Somebody Call an Ambulance!

Somebody call an ambulance

“In nearly every region of Ontario, paramedics are in crisis and unable to meet growing demand for EMS…There are tragic consequences every day – patients in cardiac arrest not getting care in time. Elderly people lying for hours on the floor, suffering as they wait for an ambulance to arrive.”

            (Niko Georgiadis, CUPE Ambulance Committee of Ontario)[1]

If you live in Essex County and have been contemplating a heart attack, you might want to reconsider your timing and location, or you might die without ever reaching the hospital. That’s because Essex County has been suffering through a perilous shortage of available ambulances and paramedics for almost a year.

In late 2022, for a five-day period in mid-October, the Warden declared an emergency when the County of Essex was left without ambulance coverage for hours spread across the first two weeks of October. Although the emergency was rescinded, the County of Essex conceded then that “there have been no systemic changes that would warrant rescinding this local emergency.”[2]

Although the formal declaration has passed, the real emergency persists.

A “Code Black” (also called a “Code Zero” in some jurisdictions) occurs when there are no ambulances available in a jurisdiction to respond to a call. A “Code Red” occurs when there are two or less – potentially, one car accident away from a code black. Windsor-Essex experienced a cumulative 3,253 minutes in code red in 2021 and 791 in code black. In 2022 those numbers jumped to 8,806 minutes in code red and 2,257 in code black. At the end of the first quarter of this year, those numbers were 864 minutes in code red and 2,257 (already last year’s total) in code black.[3]

Although the problem is critical here, according to CUPE, Windsor-Essex is not alone: “Data collection is inconsistent, but we know that Toronto witnessed 1,139 code zero incidents in 2021; Ottawa 750 times in 2022 by July alone (matching the number of such incidents in 2021); and Waterloo Region 87 times in 2022 (a fourfold increase relative to 2021.”[4]

Data collection is fractured, as CBC reported on the deficiencies in maintaining, sharing, and tracking these statistics in a story last month, noting that “A spokesperson for Health Minister Sylvia Jones said the province doesn’t track that [Code Blacks] because municipalities are responsible for ambulance deployment strategies.” It also noted that: “Ontario generates monthly reports based on data from ambulance dispatch centres, including time paramedics spend waiting in ERs to transfer patients – known as offload delays – by hospital. But requests for the figures, including a  specific request for the most recent report went unacknowledged.”

The causes of these ambulance shortages are numerous, complicated, and interrelated. The biggest single source is off-load delays – when paramedics are stranded at a hospital and unable to transfer a patient due to lack of capacity. But the causes of the off-load delays themselves vary from hospital to hospital, and include long-standing issues of hospital capacity (it is alleged that Ontario ranks among the bottom of OECD countries, alongside Mexico, in hospital beds per capita[5]), patient flow, a shortage or lack of primary care providers such as after-hour clinics, and increase usage of the 911 system (one theory is that a belief may exist that traveling to the ER by ambulance allows you to jump the line[6]).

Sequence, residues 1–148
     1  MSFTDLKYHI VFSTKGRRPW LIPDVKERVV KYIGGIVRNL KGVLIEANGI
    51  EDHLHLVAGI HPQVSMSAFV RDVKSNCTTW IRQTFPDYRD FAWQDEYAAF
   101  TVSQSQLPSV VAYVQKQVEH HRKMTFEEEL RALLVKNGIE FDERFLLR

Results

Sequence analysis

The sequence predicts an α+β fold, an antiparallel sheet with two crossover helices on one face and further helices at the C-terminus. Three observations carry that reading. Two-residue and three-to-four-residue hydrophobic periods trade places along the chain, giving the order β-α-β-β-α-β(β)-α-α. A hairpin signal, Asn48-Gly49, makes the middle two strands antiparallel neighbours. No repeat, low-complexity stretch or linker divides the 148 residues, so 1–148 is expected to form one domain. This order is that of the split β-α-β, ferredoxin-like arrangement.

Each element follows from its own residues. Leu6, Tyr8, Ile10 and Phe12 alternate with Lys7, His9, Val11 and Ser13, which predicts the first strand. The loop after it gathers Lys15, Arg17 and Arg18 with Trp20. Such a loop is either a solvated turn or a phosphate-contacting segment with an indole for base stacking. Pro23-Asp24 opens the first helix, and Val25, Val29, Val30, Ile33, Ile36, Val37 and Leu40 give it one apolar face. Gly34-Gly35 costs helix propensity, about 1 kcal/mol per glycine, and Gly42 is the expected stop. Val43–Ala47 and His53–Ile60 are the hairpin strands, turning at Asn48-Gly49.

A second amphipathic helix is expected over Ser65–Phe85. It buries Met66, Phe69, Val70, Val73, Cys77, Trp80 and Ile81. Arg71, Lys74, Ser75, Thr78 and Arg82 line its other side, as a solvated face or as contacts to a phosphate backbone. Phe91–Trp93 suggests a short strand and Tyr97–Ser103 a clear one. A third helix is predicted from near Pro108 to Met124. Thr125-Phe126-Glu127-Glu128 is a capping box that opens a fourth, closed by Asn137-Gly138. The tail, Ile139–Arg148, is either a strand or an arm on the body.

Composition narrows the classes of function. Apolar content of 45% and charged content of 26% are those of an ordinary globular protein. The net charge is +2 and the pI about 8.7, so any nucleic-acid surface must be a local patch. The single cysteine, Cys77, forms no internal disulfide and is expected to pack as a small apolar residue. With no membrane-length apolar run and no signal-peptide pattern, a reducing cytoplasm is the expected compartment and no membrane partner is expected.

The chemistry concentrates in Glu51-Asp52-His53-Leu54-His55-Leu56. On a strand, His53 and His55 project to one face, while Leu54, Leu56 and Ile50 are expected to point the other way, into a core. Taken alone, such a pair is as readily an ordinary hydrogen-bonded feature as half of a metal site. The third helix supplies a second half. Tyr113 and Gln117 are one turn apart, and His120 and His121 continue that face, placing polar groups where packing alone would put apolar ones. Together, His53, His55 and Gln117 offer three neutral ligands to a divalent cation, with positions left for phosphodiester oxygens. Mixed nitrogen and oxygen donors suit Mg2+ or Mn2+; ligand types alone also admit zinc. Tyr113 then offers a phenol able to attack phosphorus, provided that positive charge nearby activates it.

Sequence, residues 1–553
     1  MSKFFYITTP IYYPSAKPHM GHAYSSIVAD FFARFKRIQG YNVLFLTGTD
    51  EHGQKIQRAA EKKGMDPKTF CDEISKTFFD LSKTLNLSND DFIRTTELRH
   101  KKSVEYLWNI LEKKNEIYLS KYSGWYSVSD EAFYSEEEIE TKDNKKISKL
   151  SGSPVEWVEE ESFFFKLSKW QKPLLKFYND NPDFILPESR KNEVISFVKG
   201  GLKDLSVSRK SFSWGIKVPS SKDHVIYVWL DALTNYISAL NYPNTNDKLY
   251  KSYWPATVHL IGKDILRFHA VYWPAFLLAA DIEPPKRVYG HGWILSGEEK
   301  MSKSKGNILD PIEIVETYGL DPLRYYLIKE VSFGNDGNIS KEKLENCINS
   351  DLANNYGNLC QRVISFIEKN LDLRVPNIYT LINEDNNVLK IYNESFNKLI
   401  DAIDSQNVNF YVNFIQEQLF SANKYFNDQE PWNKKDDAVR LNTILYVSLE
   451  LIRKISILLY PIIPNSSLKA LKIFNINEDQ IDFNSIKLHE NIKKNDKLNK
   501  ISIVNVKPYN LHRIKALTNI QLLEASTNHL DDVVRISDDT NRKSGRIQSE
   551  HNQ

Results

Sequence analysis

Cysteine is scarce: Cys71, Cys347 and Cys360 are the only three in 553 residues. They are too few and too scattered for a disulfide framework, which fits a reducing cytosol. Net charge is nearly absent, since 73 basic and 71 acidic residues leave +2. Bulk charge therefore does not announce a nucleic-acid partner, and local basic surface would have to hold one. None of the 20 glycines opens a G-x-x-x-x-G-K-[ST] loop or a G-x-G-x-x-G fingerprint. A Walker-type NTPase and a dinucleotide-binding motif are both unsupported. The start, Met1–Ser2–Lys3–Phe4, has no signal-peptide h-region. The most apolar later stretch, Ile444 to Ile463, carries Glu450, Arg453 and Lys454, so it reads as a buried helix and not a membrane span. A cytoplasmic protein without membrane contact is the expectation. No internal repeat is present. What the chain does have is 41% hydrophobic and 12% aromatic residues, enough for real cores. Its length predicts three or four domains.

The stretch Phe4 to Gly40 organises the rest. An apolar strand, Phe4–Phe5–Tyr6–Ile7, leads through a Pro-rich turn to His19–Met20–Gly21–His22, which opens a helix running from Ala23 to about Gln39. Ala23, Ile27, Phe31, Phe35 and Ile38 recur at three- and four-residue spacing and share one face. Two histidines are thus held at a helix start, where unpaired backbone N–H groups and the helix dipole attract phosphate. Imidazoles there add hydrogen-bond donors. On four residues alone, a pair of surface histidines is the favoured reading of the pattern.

Locally, our problems are compounded by the competitive disadvantages this market already faces. President of CUPE Local 2974 representing Essex Windsor EMS workers has said our region “has trouble attracting paramedics because the Greater Toronto Area absorbs almost all newly-graduated paramedics, and paramedics in those areas might make between $5 and $10 an hour more.”[7]

Consequently, working conditions in Windsor-Essex, where the current complement of 300 paramedics is already short by an estimated 50, are particularly alarming: “Constantly rushing from call to call, missing meal breaks regularly, being forced to work overtime beyond our 12-hour shifts, knowing that patients are being shortchanged by the system, facing violence on the job (often from exasperated people reacting to trauma) takes a tremendous amount of mental and physical toll.[8]

What are the solutions?

The provincial government recently began augmenting a 2008 then-Liberal government’s Dedicated Offload Nursing Program – which, as the name suggests, funds the cost of additional nurses in the ER dedicated to unloading ambulances, triaging patients, and returning paramedics to the field. That program was created as a pilot program and was intended to be temporary, but it “remained consistent at $16 million per year from 2012 to 2021, with 50 hospitals across 20 municipalities taking part.”[9] This year the Province announced a further $7 million increase to the program “as well as expanding the 9-1-1 models of care to empower paramedics to provide timely care in the community.”[10]These other models envision paramedics providing on-scene care in lieu, delivering low-acuity patients to other care destinations or assessing them for “fit to sit” programs (in which they merely wait in line like everyone else).

CUPE believes the Province needs to address the problem on a province-wide basis, pointing out that “The municipalities are competing for the same pool of paramedics and dispatchers. We need a staffing plan that accounts for population growth and ageing, deficiencies in other parts of the health sector, and the insufficient number of paramedics graduating from college programs to fill vacancies.”[11]

Either way, it appears that the Province will have to budget more money to this area of the healthcare system sooner than later. Until then, hold off on that heart attack…just sayin.





[5] Ibid.



[8] Ibid, note 4.

[9] Ibid, note 6.

[10] Ibid, note 3.

[11] Ibid, note 1.